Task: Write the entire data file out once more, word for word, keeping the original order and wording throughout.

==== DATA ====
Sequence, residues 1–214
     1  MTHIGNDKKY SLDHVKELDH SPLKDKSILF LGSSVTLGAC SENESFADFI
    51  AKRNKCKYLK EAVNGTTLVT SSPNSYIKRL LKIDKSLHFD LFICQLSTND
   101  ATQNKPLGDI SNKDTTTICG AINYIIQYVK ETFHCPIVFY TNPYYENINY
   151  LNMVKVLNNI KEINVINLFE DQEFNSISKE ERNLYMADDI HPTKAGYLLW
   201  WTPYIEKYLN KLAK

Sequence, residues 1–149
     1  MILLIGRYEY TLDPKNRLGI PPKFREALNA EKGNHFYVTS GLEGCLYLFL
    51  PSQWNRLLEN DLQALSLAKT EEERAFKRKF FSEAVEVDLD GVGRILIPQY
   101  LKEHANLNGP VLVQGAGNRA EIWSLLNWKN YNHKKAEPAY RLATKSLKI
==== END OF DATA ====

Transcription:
Sequence, residues 1–214
     1  MTHIGNDKKY SLDHVKELDH SPLKDKSILF LGSSVTLGAC SENESFADFI
    51  AKRNKCKYLK EAVNGTTLVT SSPNSYIKRL LKIDKSLHFD LFICQLSTND
   101  ATQNKPLGDI SNKDTTTICG AINYIIQYVK ETFHCPIVFY TNPYYENINY
   151  LNMVKVLNNI KEINVINLFE DQEFNSISKE ERNLYMADDI HPTKAGYLLW
   201  WTPYIEKYLN KLAK

Sequence, residues 1–149
     1  MILLIGRYEY TLDPKNRLGI PPKFREALNA EKGNHFYVTS GLEGCLYLFL
    51  PSQWNRLLEN DLQALSLAKT EEERAFKRKF FSEAVEVDLD GVGRILIPQY
   101  LKEHANLNGP VLVQGAGNRA EIWSLLNWKN YNHKKAEPAY RLATKSLKI